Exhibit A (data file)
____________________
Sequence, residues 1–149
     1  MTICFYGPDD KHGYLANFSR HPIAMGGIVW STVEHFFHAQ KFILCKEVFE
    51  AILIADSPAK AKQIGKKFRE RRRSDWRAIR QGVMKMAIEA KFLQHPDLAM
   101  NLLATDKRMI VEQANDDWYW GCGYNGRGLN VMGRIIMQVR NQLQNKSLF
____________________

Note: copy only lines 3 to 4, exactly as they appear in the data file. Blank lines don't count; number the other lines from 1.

    51  AILIADSPAK AKQIGKKFRE RRRSDWRAIR QGVMKMAIEA KFLQHPDLAM
   101  NLLATDKRMI VEQANDDWYW GCGYNGRGLN VMGRIIMQVR NQLQNKSLF